On Wednesday 25 November the Chancellor George Osborne presented the first Autumn Statement of this Parliament along with the Spending Review.
His speech and the supporting documentation set out both tax and economic measures, however the primary focus seems to have been on the Spending Review, rather than the Autumn Statement, which will hopefully make this blog short and sweet. Our summary concentrates on the tax measures which were few and far between!
Just a note here….. Draft legislation relating to many of these areas will be published on 9 December and some of the details may change as a result. The Government has a history of making a Budget or Autumn Statement announcement that says one thing, and then when the measures are put into law, they’ve been tweaked to say something slightly, but potentially fundamentally different.
Employer Provided Cars
Currently when an employee has private use of a car provided by their employer, where that car is a diesel there is a 3% supplement on the benefit in kind. This was expected to be abolished from April 2016 in line with the fact that diesels have become kinder to the environment than historically. However the supplement will now be retained – perhaps as a result of the emissions scandal that has engulfed the motor industry over the last few months and the evidence that diesels may not be quite as clean as they have been made out to be.
A new apprenticeship levy will be introduced in April 2017 at a rate of 0.5% of an employer’s paybill, excluding benefits in kind. Before you panic though, each employer will get an allowance of £15,000 and doing the sums shows that this will only affect employers with a payroll over £3m per year….. phew!
Capital Gains Tax (CGT) Payment Dates
The Chancellor has introduced yet another measure in his apparent crusade against residential landlords! Currently, capital gains tax due for the tax year is payable by 31 January following the end of the tax year, along with income tax. However from April 2019, a payment on account will be required within 30 days of completion for CGT due on disposal of residential property. Here’s a few examples of CGT payment dates based on before and after April 2019:
You will see that the tax payable on disposals a month later would have to be paid eight months earlier!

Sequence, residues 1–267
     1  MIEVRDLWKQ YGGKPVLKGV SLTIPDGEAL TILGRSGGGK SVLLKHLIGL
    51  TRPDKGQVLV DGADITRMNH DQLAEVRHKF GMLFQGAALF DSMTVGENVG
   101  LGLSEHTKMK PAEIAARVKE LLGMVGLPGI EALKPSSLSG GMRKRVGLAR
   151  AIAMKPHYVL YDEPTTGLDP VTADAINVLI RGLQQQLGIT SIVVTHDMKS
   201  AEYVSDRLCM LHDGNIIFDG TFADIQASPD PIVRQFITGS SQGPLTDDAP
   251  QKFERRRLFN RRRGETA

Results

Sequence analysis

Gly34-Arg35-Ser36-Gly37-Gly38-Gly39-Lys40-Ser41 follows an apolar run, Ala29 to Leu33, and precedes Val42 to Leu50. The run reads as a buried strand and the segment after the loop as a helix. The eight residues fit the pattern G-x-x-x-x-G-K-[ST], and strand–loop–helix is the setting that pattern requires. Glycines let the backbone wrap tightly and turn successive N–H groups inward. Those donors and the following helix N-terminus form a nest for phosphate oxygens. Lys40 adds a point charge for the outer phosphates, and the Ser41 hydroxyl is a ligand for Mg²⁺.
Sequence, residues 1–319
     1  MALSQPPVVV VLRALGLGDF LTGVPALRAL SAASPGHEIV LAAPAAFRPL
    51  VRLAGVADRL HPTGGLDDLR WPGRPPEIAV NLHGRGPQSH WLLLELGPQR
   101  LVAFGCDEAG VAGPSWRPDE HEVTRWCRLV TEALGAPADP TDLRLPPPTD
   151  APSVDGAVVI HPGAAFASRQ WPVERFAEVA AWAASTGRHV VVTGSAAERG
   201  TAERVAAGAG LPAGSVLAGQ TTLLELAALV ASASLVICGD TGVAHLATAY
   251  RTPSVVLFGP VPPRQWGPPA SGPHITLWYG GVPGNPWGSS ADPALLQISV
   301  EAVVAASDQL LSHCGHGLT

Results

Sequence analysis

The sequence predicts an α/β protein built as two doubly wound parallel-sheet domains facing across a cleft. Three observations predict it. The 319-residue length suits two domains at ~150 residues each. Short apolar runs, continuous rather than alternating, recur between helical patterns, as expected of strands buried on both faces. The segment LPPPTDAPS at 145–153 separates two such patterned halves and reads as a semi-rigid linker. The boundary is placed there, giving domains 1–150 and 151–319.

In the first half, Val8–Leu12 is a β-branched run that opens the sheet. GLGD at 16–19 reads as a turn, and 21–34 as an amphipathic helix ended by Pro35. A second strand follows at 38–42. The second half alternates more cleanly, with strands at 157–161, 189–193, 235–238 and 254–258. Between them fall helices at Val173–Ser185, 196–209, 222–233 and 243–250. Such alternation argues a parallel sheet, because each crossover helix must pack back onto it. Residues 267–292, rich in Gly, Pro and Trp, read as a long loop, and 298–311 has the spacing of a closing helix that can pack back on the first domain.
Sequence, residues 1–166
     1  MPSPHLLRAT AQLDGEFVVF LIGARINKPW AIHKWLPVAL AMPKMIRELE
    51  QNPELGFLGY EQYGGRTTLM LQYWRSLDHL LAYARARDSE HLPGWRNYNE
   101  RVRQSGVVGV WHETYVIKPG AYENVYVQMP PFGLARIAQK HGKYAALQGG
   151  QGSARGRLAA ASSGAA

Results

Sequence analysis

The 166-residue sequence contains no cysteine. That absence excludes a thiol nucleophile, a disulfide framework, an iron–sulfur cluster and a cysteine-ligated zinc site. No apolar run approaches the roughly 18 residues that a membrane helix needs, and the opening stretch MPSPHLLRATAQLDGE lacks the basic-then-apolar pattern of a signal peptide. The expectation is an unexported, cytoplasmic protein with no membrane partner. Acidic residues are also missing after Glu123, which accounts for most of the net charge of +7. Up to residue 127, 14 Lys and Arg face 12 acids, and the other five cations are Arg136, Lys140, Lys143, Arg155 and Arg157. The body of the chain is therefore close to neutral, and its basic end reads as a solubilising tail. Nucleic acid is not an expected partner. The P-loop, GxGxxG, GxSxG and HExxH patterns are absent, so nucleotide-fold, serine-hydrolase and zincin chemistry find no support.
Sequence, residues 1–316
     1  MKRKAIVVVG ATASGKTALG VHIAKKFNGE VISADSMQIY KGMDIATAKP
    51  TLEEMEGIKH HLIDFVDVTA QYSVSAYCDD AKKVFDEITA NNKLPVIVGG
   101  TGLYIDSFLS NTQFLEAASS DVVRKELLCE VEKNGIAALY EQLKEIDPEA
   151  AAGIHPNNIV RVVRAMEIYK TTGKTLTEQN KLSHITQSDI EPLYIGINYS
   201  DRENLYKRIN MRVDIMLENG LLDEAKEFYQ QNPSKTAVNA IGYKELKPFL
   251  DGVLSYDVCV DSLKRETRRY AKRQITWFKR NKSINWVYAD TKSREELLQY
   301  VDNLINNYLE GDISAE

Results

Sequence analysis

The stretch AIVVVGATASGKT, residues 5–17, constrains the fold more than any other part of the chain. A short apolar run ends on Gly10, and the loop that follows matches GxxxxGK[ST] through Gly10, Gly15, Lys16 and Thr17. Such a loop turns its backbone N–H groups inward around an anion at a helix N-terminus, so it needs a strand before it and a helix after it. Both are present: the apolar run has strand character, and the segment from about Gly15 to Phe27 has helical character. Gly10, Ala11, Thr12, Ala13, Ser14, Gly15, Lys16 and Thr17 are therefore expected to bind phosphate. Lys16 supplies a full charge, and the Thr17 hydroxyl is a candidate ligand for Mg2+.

While the measure is a huge cash-flow disadvantage compared to the system we have in place now, it does make sense to pay the tax when you have the money. This is in line with the Government’s wider strategy and approach towards a real-time tax system.
This will inevitably put on pressure with regards to calculating the tax due; it is not yet clear if the tax will be deducted as part of the completion process and paid over to HMRC on your behalf by the solicitor (as is the system in other countries). If this is the case, we will work closely with the solicitor involved to ensure that our clients pay the correct (and hopefully lowest possible) amount of tax.
Stamp Duty Land Tax (SDLT) on Additional Properties
George Osborne deals another blow to residential landlords….
From 1 April 2016 SDLT will be charged at a higher rate (3% higher than the standard rate) on the purchase of additional residential properties, including buy-to-lets and second homes. This won’t apply to caravans, mobile homes or houseboats, or purchases by companies.
If you are looking at purchasing a buy-to-let residential property, please get in touch beforehand so we can discuss your options with you. This, together with accelerated CGT payment measure above and the removal of higher rate tax relief on interest payments may mean you wish to reconsider how to structure the purchase.
Making Tax Digital
I hinted at it earlier in the blog, but the Government are committed to “transforming HMRC into one of the most digitally advanced tax administrations in the world” at a tiny cost of £1.3bn! The Government will consult on the details, which have so far been pretty thin, in 2016. They have however said that most businesses, self-employed people and landlords will be required to keep track of their tax affairs digitally and update HMRC at least quarterly via their digital tax account.
This is a huge transformation in the tax system and theoretically could spell the end of the tax return season as we know it! Could this mean no more 31 January deadline? We will keep you informed when we know more.
This is just a quick roundup of a few of the tax measures from the Autumn Statement, but you can view our full summary, including a reminder of other key developments which are due to take place from April 2016 on our website, just click here.
As always, if you have any questions on the above, please get in touch on 0116 242 3400.